MORRIS, Minnesota (April 24, 2013)—The University of Minnesota, Morris will premier a new offering in sustainability this summer. Students taking part in this innovative “Sustainability Semester” will make connections between food, renewable energy, history, and culture while networking with peers interested in sustainability and making change. Participants may choose from two complementary courses—Culture, Food and Agriculture and Experiencing Sustainability—or enroll in both.
“Sustainability is about relationships—with those here in the present, with those to come after us, and with the environment,” says Troy Goodnough, sustainability coordinator and an instructor of Experiencing Sustainability. “These courses will encourage students to consider relationships.”
In Culture, Food and Agriculture, taught by Associate Professor of Anthropology Donna Chollett, students will explore community-supported agriculture, revitalization of Native American sustainable gardening techniques, and organic production as solutions to society’s food system challenges. According to Chollett, a food systems expert, this class “challenges the forces that created our broken industrialized food system.” She believes that this course, combined with Experiencing Sustainability, will enable students to “revitalize the knowledge and practices that maintained nutritional health, environmental sustainability, and social equity for so many years.”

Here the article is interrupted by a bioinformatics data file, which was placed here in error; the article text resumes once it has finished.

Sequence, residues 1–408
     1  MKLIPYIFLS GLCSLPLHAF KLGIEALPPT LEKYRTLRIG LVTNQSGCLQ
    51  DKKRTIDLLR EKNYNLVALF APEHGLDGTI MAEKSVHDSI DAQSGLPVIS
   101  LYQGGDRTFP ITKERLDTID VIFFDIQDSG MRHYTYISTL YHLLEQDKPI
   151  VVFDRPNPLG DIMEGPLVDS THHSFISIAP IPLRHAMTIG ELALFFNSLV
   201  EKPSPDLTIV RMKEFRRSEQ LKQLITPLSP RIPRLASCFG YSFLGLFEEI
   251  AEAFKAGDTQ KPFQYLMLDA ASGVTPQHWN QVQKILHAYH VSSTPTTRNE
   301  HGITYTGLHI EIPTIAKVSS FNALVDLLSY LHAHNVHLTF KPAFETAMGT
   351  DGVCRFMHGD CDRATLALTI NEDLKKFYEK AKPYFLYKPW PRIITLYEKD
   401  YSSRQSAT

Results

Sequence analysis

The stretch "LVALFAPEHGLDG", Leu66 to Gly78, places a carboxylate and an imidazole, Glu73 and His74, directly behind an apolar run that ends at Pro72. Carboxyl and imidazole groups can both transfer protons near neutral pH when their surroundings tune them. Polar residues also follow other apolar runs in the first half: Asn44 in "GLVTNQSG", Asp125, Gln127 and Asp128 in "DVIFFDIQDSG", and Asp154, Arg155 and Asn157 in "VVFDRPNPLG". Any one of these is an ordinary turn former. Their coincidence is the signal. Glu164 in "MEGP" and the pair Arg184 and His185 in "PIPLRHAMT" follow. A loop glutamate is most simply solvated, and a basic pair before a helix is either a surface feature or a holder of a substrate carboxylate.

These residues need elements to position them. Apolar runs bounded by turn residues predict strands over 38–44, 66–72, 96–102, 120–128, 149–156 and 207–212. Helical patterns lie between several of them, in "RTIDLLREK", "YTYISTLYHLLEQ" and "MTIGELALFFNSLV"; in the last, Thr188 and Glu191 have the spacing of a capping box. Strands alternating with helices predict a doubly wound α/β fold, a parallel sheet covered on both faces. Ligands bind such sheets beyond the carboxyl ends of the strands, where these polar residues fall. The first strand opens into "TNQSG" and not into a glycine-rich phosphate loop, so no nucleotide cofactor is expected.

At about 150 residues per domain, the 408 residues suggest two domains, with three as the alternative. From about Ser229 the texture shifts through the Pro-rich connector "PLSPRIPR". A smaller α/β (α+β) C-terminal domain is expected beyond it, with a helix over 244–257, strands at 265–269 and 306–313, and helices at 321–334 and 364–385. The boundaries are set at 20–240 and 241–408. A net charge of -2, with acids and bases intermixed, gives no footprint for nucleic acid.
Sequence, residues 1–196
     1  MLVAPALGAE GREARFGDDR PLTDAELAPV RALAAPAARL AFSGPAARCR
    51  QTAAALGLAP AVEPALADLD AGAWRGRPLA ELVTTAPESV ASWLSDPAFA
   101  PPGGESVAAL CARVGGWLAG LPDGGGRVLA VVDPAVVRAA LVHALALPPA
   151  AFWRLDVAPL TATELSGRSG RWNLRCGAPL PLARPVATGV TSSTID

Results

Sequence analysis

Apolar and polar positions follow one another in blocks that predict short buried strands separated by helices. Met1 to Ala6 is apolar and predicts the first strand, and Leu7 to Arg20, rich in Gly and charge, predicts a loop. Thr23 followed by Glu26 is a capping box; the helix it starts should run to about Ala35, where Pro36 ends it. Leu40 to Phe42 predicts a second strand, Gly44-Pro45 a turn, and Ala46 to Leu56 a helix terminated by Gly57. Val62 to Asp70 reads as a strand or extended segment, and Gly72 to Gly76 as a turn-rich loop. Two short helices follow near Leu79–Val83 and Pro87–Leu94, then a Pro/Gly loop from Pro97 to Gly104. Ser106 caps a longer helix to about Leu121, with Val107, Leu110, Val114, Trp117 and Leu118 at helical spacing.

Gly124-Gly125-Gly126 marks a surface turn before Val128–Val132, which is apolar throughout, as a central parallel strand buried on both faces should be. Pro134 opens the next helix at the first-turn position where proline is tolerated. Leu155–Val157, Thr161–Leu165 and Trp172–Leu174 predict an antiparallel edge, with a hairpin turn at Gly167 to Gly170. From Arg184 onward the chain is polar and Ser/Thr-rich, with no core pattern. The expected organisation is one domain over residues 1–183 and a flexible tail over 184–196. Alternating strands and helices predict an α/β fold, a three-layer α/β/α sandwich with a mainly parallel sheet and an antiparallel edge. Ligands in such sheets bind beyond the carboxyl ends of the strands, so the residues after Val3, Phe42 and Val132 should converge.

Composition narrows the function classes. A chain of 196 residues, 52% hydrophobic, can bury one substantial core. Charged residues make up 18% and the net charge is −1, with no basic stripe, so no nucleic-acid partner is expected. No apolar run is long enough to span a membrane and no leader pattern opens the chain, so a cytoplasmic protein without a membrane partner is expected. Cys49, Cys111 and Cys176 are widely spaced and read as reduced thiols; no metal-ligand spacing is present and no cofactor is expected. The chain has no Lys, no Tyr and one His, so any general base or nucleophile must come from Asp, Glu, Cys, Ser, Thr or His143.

Experiencing Sustainability, a hybrid experiential course taught cooperatively by ten Morris staff and faculty members, offers students the chance to select from modules on topics like solar power, biomass power, wind energy and policy. Students will learn about efforts to build a sustainable community on the northern plains by visiting farms, American Indian communities, renewable energy installations, and more. Goodnough believes that the course’s ability to “illustrate the interconnectedness of sustainability” is what makes it so unique.
He adds that, by offering Sustainability Semester, Morris is illustrating a model for sustainability in west central Minnesota. Believing there is no universal model for “a sustainable community,” Goodnough espouses the importance of place when discussing this topic, “because a sustainable community looks different in different places.”
“Morris is at the intersection of past, present, and future,” says Chancellor Jacqueline Johnson. “This place is innovative, distinctive, and forward-looking. This course highlights these qualities. It reflects the experimental nature of our campus; we really are a living and learning community.”
Sustainability Semester will be offered during Summer Session I: May 20-June 21. Registration for these courses and others is now open. Additional information is available online at morris.umn.edu/academics/summerterm or by phone at 320-589-6459.
This activity is supported, in part, by the University of Minnesota Institute on the Environment.